Depressive symptoms are more common than diagnoses and treatment.
A study published in the journal Diabetes Care examined depressive symptoms and rates of depression among children with type 1 and type 2 diabetes. The study was conducted via a depression questionnaire. There were 261 youth with type 1 diabetes and 339 youth with type 2 diabetes who completed the questionnaire. The questionnaire used was the Children’s Depression Inventory (CDI).
The results of the study revealed higher rates of depressive symptoms than depression diagnosis and treatment. While 13% of children with type 1 diabetes were found to have depressive symptoms, only 4% were actually treated in the prior 12 months. Depressive symptoms and the gap between symptoms and treatment were higher among children with type 2 diabetes: 22% of these children had depressive symptoms and only 9% received treatment (P = 0.007). Of all the children included in the study who had depressive symptoms, only 15% had a diagnosis of depression in the previous 12 months.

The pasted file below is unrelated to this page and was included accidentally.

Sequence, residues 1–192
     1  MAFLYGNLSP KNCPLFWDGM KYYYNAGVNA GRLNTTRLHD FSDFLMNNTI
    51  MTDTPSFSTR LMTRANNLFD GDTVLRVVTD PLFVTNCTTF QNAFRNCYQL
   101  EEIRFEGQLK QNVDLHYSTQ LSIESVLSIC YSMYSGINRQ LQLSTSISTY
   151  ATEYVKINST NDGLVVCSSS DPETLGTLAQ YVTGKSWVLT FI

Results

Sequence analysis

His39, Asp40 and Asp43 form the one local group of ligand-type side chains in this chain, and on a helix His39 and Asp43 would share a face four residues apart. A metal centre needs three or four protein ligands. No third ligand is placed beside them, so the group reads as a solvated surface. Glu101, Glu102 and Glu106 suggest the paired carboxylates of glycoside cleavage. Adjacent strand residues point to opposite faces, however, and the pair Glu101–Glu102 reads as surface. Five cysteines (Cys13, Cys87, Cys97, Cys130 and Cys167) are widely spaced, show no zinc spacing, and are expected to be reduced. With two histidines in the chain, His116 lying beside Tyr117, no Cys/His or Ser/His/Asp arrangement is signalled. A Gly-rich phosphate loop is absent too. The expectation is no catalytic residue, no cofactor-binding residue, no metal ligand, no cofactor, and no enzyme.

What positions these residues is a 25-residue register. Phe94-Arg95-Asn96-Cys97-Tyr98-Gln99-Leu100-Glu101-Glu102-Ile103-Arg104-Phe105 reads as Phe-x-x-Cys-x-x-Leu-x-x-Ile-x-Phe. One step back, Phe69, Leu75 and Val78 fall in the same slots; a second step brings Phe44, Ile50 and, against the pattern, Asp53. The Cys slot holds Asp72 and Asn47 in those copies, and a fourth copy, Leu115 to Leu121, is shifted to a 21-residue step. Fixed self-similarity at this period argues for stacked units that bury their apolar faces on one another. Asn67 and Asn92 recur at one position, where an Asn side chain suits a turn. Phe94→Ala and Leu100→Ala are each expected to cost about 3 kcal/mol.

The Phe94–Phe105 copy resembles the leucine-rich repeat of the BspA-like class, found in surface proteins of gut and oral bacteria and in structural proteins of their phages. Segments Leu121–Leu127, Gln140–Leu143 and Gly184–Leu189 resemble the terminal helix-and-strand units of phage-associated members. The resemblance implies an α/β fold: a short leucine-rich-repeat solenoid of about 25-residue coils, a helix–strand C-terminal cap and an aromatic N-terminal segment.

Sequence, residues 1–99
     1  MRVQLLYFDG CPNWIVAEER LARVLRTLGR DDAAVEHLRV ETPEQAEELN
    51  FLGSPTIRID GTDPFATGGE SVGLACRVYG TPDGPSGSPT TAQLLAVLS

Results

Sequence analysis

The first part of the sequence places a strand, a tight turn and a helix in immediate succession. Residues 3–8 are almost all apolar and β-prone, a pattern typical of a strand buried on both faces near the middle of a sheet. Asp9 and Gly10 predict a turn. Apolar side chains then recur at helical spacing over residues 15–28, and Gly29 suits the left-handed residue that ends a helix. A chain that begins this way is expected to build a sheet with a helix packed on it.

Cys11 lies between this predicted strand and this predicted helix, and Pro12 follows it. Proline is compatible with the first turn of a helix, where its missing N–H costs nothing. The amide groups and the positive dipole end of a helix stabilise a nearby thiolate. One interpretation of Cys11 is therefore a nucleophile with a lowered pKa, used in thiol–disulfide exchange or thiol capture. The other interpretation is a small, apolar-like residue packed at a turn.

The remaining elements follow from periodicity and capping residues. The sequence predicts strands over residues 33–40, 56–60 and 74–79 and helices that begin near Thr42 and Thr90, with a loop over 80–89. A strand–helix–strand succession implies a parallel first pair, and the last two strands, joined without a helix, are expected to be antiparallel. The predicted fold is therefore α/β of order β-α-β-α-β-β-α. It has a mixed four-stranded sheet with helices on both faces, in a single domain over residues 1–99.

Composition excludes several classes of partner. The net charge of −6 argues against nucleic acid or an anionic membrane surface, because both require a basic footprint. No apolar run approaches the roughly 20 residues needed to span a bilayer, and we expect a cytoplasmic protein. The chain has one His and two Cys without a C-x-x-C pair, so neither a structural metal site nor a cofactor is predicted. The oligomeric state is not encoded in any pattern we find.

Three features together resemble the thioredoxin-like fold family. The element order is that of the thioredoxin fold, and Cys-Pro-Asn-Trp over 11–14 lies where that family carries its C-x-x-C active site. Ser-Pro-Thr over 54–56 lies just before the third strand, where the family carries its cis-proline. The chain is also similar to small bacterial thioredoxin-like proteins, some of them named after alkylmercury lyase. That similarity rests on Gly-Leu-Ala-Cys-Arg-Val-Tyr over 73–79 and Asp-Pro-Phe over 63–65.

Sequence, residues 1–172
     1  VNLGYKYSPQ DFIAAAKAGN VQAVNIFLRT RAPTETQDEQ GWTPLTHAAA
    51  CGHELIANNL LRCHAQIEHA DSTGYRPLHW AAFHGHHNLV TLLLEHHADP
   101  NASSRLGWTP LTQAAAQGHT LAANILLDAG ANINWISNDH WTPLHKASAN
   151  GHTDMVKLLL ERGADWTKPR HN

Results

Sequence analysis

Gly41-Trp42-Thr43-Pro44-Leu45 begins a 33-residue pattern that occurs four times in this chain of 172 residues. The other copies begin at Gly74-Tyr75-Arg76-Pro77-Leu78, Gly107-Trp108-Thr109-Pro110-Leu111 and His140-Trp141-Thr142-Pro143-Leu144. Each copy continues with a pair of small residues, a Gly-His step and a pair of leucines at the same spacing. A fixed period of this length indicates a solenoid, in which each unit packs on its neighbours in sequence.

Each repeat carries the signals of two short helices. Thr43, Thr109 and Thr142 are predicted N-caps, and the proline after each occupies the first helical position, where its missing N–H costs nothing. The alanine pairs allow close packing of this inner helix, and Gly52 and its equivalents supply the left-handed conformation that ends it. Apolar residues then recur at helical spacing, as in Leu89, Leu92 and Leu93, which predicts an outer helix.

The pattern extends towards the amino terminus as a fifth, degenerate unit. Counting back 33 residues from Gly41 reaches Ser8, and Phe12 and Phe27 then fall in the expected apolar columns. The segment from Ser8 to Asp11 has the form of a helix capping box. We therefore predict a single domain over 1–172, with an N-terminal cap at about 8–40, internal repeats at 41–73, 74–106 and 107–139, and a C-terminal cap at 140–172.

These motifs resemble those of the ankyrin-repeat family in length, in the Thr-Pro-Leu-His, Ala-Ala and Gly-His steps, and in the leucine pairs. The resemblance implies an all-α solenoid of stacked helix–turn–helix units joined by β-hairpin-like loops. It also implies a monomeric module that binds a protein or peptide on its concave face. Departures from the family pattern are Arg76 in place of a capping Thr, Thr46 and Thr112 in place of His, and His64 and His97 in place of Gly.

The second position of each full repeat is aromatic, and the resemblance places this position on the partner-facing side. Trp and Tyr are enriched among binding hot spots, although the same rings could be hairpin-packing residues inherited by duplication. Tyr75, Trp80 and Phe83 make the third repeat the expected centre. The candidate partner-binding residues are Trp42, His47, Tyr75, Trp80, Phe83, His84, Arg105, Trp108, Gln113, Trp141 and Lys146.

The researchers examined different factors to find associations with depressive symptoms. Obesity (P = 0.002) and lower socioeconomic status (P = 0.006) were associated with depressive symptoms in only type 1 diabetes children. Other factors, such as age, ethnicity, gender, and duration of diabetes, had no correlation with depressive symptom incidence.
Practitioners should consider screening for depression in their pediatric diabetes patients. Identifying depressive symptoms and then treating them is important because untreated depression can have a severe impact on pediatric patients.
- Children with diabetes are at increased risk of depression.
- This study showed that depression is undertreated in children with diabetes: rates of depressive symptoms were higher than rates of treatment or diagnoses.
- Practitioner who treat pediatric diabetes should screen these patients for depression regularly.
Silverstein J, Cheng P, Ruedy KJ, et al. “Depressive Symptoms in Youth With Type 1 or Type 2 Diabetes: Results of the Pediatric Diabetes Consortium Screening Assessment of Depression in Diabetes Study.” Diabetes Care. Published online before print October 12, 2015. doi: 10.2337/dc15-0982.